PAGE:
Growing up between two cultures, Anderson - a Birmingham-born artist of Jamaican heritage - uses painting to explore cultural meanings, identities and our sense of belonging.
His latest work for the Arts Council Collection asks the provocative question: Is it okay to be black?
Is It Okay To Be Black? (2016) takes inspiration from the eclectic decoration often found in the barbershops set up in the homes of new Caribbean immigrants in the 1950s.
For Anderson, the barbershop represents what he describes as ‘being caught between two places at once,’ because they are spaces where the UK and the Caribbean come together.
The provocative question, ‘is it ok to be black?’ reveals the musings of a hypothetical barbershop customer who is surrounded by the owner’s assortment of photographs and belongings.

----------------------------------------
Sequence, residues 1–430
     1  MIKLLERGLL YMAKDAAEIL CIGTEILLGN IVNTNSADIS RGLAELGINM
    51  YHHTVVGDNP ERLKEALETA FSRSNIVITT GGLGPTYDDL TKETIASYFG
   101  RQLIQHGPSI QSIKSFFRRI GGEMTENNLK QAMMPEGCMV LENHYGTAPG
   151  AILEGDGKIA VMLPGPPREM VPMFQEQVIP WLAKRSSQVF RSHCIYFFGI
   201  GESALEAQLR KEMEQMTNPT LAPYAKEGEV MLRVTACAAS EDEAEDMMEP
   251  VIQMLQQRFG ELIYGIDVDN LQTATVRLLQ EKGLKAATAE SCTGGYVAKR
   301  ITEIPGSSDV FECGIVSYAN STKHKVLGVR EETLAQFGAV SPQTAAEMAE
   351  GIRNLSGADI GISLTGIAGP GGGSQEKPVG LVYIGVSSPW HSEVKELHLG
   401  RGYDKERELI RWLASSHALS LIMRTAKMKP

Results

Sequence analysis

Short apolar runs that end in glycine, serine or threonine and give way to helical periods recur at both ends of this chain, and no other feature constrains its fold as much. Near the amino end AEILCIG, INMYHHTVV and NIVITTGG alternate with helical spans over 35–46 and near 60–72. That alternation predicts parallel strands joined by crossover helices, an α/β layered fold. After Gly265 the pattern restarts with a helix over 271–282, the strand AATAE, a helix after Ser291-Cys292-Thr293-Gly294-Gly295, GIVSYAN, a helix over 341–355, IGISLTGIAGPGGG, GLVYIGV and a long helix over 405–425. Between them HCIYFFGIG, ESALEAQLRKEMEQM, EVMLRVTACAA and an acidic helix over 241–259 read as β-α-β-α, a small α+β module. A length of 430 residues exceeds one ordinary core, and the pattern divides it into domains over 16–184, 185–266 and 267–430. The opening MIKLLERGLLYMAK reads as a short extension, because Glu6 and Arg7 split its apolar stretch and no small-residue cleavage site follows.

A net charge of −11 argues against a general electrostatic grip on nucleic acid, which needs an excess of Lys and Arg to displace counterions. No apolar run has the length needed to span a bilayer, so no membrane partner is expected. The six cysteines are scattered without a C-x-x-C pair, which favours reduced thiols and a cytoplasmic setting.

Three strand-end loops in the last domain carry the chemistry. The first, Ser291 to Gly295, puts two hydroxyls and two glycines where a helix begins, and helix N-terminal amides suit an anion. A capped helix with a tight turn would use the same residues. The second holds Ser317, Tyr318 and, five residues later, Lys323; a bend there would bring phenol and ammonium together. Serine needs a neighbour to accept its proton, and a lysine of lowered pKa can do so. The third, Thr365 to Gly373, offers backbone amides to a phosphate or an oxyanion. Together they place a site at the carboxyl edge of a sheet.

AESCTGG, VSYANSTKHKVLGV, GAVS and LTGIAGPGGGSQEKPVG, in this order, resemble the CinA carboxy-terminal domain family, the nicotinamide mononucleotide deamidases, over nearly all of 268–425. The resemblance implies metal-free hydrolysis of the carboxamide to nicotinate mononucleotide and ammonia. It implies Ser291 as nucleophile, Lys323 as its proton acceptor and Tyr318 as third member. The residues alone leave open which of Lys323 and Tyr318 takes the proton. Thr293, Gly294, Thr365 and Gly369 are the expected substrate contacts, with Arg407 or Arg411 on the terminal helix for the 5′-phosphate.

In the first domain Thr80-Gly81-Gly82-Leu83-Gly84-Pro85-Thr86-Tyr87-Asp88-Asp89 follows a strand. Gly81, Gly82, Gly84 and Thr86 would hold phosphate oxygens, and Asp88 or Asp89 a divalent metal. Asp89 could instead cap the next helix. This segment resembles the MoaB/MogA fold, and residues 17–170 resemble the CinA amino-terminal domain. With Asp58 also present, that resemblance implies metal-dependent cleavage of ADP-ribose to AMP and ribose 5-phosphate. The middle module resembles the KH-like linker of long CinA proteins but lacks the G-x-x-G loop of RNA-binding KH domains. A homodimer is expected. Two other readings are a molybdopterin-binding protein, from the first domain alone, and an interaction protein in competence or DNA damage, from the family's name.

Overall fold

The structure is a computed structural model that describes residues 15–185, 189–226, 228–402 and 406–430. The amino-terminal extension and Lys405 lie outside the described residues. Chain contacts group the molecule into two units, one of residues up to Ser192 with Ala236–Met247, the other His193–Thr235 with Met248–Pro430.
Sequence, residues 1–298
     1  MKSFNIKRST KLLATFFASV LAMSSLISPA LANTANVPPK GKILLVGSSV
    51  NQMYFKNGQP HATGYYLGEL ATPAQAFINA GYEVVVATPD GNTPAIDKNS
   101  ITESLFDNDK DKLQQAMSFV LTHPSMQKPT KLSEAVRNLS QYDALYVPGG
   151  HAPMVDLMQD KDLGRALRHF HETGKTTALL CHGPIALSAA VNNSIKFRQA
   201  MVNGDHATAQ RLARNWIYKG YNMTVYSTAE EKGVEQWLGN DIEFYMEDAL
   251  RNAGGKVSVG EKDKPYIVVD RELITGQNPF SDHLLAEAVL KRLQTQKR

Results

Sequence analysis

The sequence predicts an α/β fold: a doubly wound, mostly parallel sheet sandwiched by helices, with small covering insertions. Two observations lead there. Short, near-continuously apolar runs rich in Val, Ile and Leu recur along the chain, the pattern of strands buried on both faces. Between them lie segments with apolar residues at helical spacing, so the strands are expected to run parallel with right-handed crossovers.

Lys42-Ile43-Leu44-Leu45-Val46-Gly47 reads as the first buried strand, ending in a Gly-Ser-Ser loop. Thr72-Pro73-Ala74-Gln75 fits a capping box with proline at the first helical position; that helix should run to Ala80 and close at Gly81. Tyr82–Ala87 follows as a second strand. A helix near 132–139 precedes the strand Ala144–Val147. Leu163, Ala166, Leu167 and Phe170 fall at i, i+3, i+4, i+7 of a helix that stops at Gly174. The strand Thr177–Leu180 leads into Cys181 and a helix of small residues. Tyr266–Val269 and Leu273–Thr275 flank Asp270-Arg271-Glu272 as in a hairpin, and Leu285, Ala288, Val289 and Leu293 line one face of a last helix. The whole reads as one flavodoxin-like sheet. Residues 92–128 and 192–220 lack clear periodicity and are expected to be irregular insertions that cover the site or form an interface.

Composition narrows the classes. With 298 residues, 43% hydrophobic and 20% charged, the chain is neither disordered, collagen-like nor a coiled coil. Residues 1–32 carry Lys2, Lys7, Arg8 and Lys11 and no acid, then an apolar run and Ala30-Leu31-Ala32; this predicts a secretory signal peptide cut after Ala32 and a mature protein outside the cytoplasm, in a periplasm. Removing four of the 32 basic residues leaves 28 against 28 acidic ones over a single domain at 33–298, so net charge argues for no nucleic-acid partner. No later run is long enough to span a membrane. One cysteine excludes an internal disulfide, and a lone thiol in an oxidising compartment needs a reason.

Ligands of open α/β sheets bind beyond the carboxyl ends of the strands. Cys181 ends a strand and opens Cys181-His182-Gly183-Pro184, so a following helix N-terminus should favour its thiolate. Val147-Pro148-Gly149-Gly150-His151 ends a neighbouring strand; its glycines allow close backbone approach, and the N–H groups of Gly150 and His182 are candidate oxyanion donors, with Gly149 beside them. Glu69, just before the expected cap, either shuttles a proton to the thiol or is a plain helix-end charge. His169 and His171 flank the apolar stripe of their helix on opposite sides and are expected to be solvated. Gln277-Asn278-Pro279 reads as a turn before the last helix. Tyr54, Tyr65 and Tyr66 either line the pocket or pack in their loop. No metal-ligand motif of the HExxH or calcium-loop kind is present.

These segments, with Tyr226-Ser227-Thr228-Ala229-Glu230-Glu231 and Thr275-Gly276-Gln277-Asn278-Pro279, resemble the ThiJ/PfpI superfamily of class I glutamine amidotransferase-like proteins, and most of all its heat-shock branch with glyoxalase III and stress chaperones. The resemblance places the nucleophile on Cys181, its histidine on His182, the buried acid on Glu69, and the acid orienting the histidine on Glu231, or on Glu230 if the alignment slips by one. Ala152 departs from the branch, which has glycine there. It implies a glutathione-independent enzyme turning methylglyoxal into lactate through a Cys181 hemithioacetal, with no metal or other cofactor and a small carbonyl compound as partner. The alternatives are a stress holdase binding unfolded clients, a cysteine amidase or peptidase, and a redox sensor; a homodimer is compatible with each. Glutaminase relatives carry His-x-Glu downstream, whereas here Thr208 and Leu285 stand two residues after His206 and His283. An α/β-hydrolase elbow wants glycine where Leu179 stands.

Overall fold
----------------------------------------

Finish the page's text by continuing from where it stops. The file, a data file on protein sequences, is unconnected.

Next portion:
Beyond pictures of hairstyles, the images include iconic figures – politicians, musicians and sportsmen - some of which are fully identifiable through Anderson’s brushstrokes, while others you are you are left to imagine.
In the mirrored barbershop, the customer’s own reflection becomes mounted among heroes as a way of questioning our personal sense of cultural identity in relation to history.
The show explores themes of dislocation, identity, belonging and race and will include works by Hurvin Anderson never seen before by the public.
Dub Visions is open from 1 July until 18 September 2016.
“We’re incredibly proud to be presenting the work of an artist who has emerged from the Midlands region of the UK, and is now celebrated on a global scale," said Melanie Kidd, Director of Programmes at New Art Exchange.
Great art for everyone
Known as the nation’s art lending library, the Arts Council Collection takes art by contemporary British artists on tour for new audiences to enjoy.
It is made up of over 7,500 works by over 2,000 artists.
Is it Okay to Be Black? has been commissioned by the Collection to celebrate its 70th anniversary.
After being on display as part of Dub Visions, the painting will be available for loan to galleries and museums across England and beyond.
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